Sportskeeda brings another exciting series of interviews – CXOs in Sports, where we speak to eminent and prominent personalities, talking about their sporting interests and ideas for development of sports in general and of their sports work/interest in particular.
While India may not have a strong sporting culture at the moment, there are many people who are working tirelessly to bring about a change. One such person is Arup Soans, who is the Founder at Give for Sports Foundation (GiveforSports.org), a non-profit organisation which helps young children build a brighter future through sport.
Sportskeeda recently had the opportunity to catch up with Mr. Soans for a chat about his past sporting experiences and what he has in store for the future. Here are the excerpts:
How big a sports fan are you? What sports do you follow and play?
?Sports has always been part of my life, as a player and a fan and now as a career. I follow pretty much most sports though the ones that immediately come to mind are football, tennis, motor racing, athletics amongst many. Having spent time in the US, I follow some of the American sports as well. I currently play football and table tennis, also swim whenever I get the chance.
When did you start following and playing sport?
I started following sports at a very young age since my dad was very much a sports fan. I cannot really recollect when I started playing sport so must have been when I was under 5 years.?
Is playing still a major part of your life? If yes, how often do you play these days?
Since I do work in the business of sports, it is imperative to make playing an important part of my life. I play football as often as once a week. Table tennis is something I try and play every day, with my 90-year-old granddad. Given the opportunity to play other sports, I would bump it up my priority list for the week.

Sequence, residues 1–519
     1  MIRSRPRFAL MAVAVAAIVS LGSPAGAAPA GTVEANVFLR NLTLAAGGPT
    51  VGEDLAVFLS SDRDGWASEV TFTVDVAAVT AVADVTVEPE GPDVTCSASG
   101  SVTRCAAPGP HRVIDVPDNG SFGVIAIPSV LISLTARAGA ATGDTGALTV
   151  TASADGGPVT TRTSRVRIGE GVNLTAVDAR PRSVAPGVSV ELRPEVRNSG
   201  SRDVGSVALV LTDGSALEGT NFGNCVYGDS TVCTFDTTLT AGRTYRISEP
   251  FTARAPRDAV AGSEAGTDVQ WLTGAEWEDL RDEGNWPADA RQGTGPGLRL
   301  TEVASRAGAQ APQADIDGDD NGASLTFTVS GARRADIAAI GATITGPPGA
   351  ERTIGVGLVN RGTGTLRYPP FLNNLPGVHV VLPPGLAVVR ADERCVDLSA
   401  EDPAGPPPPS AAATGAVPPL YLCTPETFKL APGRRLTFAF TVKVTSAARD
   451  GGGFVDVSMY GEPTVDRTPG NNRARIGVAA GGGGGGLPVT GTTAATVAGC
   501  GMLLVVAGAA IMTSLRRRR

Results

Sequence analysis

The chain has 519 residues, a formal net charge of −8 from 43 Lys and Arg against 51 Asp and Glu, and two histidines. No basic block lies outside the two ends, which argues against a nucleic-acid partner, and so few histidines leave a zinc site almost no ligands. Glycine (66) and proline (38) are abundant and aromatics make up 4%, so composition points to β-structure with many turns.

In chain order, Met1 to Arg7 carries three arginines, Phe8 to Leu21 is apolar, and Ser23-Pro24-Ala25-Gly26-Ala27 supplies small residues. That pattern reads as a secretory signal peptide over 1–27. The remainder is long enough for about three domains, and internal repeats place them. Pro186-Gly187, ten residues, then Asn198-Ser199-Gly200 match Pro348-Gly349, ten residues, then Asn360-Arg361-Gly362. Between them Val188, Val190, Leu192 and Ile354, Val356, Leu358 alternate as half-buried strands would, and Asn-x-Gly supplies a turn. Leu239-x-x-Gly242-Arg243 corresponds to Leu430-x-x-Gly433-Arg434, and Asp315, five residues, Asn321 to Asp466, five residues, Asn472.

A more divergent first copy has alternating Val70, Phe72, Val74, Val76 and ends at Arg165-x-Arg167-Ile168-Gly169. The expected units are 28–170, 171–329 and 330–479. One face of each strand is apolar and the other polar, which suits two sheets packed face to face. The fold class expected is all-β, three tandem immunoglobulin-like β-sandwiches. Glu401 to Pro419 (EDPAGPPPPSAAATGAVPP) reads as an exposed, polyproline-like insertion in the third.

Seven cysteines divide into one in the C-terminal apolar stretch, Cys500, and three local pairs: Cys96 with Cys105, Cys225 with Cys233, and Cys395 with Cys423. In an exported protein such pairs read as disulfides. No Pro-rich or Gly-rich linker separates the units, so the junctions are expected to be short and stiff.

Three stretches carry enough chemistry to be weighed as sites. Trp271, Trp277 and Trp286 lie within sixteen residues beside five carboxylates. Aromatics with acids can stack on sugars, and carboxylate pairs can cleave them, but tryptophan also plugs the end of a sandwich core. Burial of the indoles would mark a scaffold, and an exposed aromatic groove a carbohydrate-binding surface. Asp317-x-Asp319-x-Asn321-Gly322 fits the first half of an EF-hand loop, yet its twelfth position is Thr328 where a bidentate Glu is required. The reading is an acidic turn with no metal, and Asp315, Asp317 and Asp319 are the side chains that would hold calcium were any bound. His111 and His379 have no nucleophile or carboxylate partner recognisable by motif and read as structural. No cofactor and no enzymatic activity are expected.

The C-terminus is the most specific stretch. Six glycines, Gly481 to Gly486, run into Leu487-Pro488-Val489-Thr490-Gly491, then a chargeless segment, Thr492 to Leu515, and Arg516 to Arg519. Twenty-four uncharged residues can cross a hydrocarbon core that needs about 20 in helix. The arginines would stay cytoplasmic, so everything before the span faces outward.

Which sportsperson inspired you the most as a youngster?
There have been not one, but many sportsmen that have been an inspiration in my childhood. To name a few, Cassius Clay aka Mohammed Ali, Michael Johnson, Pele, Johan Cruyff, Roberto Baggio, Paolo Maldini and Michael Jordan.
Any favourite sportspersons in modern times?
?Alessandro Del Piero, Wayne Rooney and Usain Bolt.?
What has been your best sporting moment? Describe it for us.
I would have to say there were two significant moments, one on the field and one off it. Both occurred in the year 1999. My school team (Bishop's School, Pune) were playing in the final of a prestigious local tournament (Father Barco Cup), the last of the season. The match went into a penalty shoot out. I scored the penultimate penalty that day. I will never forget the joy after that game, playing on home ground with great support and my family witnessing it too.
The other moment was the Champions League final that year, where Manchester United took on Bayern Munich at Camp Nou in Barcelona, Spain. United managed an incredible comeback and win in injury time.
What do you think is the problem of sports in India?
India as a country itself is extremely fragmented when it comes to culture, language and mindset. Sports at this point is very much treated as an extracurricular activity right from primary school, which is where most of the problem lies. Then again, when we look at the administration of sports as a whole top down, it is in a dismal situation where politics and people's ulterior motives have taken over the actual essence of sports.